Ab Initio Methods for Electronic Structures of Crystalline Solids

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Abstract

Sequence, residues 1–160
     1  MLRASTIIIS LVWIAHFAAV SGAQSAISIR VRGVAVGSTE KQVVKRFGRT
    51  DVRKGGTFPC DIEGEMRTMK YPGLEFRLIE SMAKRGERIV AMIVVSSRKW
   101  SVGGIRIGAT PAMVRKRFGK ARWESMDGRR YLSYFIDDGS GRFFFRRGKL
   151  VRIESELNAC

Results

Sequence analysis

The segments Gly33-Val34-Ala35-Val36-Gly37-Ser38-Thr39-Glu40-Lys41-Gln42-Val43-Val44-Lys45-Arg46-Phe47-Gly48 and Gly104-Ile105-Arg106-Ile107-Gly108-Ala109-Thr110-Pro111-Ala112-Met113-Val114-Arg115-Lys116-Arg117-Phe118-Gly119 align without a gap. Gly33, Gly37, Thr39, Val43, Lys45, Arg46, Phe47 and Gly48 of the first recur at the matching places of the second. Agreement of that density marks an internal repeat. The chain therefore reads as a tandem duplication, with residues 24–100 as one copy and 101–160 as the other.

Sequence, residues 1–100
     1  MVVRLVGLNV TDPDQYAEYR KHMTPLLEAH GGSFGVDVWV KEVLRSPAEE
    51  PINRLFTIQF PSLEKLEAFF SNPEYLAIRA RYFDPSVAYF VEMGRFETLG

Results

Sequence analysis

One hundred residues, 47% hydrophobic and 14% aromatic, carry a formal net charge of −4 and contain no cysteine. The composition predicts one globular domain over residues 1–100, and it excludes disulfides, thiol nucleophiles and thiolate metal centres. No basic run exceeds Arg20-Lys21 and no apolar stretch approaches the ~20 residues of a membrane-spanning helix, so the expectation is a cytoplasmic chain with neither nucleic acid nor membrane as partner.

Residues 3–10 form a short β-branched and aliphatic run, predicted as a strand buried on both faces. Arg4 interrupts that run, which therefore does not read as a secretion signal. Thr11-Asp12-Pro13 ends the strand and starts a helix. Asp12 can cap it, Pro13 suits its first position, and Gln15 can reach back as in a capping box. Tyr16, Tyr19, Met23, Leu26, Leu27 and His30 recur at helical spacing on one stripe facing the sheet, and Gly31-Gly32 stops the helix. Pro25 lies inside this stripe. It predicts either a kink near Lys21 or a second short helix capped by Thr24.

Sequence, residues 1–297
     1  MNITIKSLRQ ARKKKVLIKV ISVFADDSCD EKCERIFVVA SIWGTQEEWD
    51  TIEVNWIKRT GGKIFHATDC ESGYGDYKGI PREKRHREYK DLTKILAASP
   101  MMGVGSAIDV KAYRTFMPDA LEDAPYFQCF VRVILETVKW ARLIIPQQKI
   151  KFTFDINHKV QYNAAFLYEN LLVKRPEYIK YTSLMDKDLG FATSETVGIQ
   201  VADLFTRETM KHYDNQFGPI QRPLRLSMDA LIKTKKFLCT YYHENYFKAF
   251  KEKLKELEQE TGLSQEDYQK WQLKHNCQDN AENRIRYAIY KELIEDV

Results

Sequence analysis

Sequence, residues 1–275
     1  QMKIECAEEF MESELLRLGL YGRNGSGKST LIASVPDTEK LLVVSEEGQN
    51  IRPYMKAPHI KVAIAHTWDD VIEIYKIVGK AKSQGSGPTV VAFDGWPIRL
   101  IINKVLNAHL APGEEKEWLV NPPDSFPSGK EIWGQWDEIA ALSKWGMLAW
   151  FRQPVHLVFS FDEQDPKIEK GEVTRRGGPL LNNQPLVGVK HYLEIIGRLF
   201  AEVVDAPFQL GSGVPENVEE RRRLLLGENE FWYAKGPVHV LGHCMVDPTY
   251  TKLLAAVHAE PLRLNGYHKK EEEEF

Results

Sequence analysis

Two approaches have been dominant in theoretical studies of the electronic structures and properties of crystalline solids. The first and older approach involves the use of an independent-electron formalism, but with a semi-empirically determined effective Hamiltonian designed to reproduce the effects of electron exchange and correlation. A variety of effective Hamiltonians have been used, ranging from pseudopotentials, chosen mainly on the basis of agreement with experiment, to a priori choices such as the highly popular Xα method (Slater, 1970, 1971; Johnson and Smith, 1971), where the exchange-correlation potential is based on studies of the uniform electron gas (Slater, 1951; Gaspar, 1954; Kohn and Sham, 1965). This approach, although highly successful for many problems, leaves certain questions unanswered; among these are detailed assessments of the quality of the Hartree-Fock wavefunction, the quantitative roles of exchange and correlation, and the elucidation of collective phenomena inherently ruled out by an independent-electron model.